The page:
I had high hopes the first time I took a girlfriend camping.
As a long-time camper, I was confident I could plan the perfect experience: a trip that would convert her to a camper while sealing my reputation as an avid outdoorsman. We would skip the tent and sleep outside in the bed of my pickup truck. In the warm desert air, we would look at the stars while listening to a chorus of hooting owls.
Instead, I listened to her shiver all night and pretended like I wasn’t also freezing.
That was the last time she came camping with me.
Whether you are a seasoned outdoorsman or new to camping, you need to put some thought into that first trip you take your partner on. Follow the tips below to ensure a successful, romantic and cozy camping trip.
1. Don’t Settle for Camp Food Just Because You Are Camping
If this is her first time camping with you, your girlfriend is probably expecting to be foraging for wild berries.
Imagine her surprise when you pull out a cheese and cracker platter and a bottle of wine as a dinner appetizer. While you won’t be making wild Fijian albacore sashimi with pea tendril salad, there is no reason to settle for just-add-water ramen. Go for tacos, pasta, steak and potatoes, and omelets. Ingredients can be pre-chopped and placed in sandwich bags before your trip.
A few camping kitchen tools are a must:
- Stove: The cooking options are limitless with a small two-burner gas or propane stove. I use this Coleman one. Make sure to bring backup fuel and matches or a lighter.
- Cookware: Set aside some cookware solely for camping. Any hand-me-down set of pots and pans works or you can purchase one specifically for camping like this Coleman set. Don’t forget plates and utensils.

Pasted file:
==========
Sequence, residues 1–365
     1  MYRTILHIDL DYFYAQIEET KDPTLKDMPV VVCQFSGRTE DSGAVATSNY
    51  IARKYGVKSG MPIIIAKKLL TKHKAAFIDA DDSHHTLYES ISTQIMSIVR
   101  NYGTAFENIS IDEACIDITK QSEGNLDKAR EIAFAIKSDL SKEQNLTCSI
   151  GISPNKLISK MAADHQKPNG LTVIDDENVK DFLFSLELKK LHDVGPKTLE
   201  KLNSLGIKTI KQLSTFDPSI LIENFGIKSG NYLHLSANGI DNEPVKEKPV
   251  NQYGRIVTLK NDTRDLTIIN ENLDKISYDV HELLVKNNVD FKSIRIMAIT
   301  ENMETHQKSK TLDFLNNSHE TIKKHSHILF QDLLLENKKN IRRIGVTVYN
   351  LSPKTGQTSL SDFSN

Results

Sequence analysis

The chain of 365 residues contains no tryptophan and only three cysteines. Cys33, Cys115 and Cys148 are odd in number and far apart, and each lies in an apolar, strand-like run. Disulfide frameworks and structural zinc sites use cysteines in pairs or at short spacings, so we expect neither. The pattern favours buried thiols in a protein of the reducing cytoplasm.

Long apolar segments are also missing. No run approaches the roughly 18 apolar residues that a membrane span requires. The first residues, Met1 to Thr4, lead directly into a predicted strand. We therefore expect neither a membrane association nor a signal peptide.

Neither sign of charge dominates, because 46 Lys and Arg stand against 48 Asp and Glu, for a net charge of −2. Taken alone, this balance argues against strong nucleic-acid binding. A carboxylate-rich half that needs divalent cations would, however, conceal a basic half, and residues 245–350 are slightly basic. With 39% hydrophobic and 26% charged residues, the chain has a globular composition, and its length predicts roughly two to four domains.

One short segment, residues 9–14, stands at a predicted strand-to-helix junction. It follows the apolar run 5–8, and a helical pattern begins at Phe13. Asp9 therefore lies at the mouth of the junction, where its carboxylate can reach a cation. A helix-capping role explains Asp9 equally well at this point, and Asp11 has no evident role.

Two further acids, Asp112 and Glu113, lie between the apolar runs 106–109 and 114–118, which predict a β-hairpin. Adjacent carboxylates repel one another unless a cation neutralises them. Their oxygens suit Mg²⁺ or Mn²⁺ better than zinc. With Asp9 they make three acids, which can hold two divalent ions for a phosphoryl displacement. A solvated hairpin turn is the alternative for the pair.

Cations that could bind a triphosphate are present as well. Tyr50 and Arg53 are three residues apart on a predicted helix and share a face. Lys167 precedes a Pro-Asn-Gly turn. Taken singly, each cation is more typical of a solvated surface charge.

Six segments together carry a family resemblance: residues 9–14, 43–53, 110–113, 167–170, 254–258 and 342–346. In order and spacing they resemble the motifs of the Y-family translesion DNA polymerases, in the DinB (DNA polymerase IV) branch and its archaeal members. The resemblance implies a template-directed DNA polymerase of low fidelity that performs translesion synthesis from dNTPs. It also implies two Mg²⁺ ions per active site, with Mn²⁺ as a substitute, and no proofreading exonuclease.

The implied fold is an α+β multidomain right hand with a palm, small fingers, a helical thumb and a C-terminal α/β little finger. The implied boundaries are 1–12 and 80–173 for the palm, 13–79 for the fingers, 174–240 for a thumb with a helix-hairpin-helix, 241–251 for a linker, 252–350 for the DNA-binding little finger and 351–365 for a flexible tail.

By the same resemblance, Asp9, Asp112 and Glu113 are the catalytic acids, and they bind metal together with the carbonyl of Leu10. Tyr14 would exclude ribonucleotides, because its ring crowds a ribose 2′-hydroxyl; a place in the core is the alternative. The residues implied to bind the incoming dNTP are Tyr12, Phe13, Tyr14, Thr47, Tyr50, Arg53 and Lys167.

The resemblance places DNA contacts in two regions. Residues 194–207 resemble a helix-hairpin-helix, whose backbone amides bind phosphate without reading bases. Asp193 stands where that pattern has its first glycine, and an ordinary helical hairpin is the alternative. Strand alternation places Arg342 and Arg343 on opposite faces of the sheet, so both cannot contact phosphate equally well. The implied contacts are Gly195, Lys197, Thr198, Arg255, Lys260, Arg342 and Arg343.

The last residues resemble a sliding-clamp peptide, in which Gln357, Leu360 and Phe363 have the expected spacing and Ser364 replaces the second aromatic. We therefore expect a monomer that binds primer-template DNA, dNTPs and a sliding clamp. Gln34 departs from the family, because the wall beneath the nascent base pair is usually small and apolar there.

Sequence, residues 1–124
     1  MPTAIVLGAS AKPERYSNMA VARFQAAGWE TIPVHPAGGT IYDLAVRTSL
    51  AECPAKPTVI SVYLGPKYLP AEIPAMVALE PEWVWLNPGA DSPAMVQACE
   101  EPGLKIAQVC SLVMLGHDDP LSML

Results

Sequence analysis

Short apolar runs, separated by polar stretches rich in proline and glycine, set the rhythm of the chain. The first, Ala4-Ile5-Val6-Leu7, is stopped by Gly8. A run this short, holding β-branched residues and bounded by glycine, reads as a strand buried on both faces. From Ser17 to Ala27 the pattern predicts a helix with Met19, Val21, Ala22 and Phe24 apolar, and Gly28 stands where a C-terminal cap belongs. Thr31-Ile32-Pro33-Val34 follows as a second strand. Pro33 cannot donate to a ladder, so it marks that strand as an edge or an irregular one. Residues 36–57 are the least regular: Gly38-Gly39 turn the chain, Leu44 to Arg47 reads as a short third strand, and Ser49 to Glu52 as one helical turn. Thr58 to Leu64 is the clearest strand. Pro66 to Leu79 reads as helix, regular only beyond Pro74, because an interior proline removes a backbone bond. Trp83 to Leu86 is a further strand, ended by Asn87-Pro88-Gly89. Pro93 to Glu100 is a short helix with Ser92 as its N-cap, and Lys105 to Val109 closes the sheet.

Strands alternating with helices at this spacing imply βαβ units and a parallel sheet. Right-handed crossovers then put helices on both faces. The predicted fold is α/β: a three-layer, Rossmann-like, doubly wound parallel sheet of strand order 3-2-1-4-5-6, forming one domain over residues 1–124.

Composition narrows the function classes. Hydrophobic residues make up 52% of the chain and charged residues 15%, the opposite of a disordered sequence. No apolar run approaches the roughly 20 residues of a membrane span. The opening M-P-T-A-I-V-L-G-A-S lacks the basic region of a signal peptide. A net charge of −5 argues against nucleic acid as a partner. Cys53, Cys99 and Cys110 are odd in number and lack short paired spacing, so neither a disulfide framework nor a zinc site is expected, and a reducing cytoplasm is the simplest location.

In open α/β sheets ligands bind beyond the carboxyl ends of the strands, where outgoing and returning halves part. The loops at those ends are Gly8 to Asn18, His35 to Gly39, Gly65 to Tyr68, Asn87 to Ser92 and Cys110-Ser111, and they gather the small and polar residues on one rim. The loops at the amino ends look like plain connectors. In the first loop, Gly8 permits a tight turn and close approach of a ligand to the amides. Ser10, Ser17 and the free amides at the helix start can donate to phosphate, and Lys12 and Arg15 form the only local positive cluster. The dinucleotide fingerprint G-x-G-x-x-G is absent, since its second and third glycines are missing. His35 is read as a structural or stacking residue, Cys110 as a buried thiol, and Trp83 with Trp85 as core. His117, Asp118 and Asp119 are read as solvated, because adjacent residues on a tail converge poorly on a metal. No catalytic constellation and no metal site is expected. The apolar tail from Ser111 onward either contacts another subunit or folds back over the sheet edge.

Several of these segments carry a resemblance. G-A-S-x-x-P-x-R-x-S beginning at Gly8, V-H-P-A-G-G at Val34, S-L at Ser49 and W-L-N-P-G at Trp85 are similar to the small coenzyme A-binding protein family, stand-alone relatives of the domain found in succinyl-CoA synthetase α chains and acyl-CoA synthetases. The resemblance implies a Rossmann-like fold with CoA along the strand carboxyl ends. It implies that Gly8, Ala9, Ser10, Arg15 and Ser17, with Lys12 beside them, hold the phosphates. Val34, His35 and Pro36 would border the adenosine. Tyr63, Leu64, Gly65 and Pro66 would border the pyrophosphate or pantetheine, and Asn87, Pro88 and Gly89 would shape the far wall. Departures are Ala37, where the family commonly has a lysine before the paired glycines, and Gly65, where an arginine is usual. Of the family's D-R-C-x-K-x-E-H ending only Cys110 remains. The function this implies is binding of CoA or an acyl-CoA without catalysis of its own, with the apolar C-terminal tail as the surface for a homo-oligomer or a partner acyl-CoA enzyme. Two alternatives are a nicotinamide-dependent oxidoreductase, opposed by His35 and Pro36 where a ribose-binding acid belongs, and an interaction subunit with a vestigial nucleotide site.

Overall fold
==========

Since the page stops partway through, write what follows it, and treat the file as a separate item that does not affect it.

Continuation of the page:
- Spices: These are often overlooked when packing for camping but who wants to eat a plain baked potato? Get a set of mixed spices just for camping.
- Ice Chest: What’s worse than a plain baked potato? Warm beer. Go with a large ice chest (100 Quart) and don’t forget the ice.
- Coffee Maker: A fresh cup of coffee in the morning is going to make all the difference.
- Lantern: Start cooking dinner while you still have some daylight but make sure you have some lanterns for when it gets dark.
2. Be a Beast Master, Not Someone Outsmarted by Squirrels.
Now that you have a plan for food, be aware that the outdoors is full of squirrels, raccoons, birds and bears who also want a bite of your steak tacos. Your trip will quickly go downhill if you lose your carefully planned meals to animals. During the day, secure food in the ice chest and in your car, even if you are nearby. If you are at a site where bears are known to be a nuisance and a bear box is provided, use it! Otherwise make sure food and other scented items (toothpaste, deodorant, etc.) are secured in your car at night, not in your tent.